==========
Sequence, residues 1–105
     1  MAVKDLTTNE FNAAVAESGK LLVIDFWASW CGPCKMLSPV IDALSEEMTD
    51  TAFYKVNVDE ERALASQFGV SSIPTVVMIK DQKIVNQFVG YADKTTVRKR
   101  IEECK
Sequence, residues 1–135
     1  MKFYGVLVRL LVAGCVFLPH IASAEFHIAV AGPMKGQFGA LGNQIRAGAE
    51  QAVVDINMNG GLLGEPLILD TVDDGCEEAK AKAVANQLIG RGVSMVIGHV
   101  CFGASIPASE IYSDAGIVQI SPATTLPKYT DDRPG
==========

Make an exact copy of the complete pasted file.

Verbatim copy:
Sequence, residues 1–105
     1  MAVKDLTTNE FNAAVAESGK LLVIDFWASW CGPCKMLSPV IDALSEEMTD
    51  TAFYKVNVDE ERALASQFGV SSIPTVVMIK DQKIVNQFVG YADKTTVRKR
   101  IEECK
Sequence, residues 1–135
     1  MKFYGVLVRL LVAGCVFLPH IASAEFHIAV AGPMKGQFGA LGNQIRAGAE
    51  QAVVDINMNG GLLGEPLILD TVDDGCEEAK AKAVANQLIG RGVSMVIGHV
   101  CFGASIPASE IYSDAGIVQI SPATTLPKYT DDRPG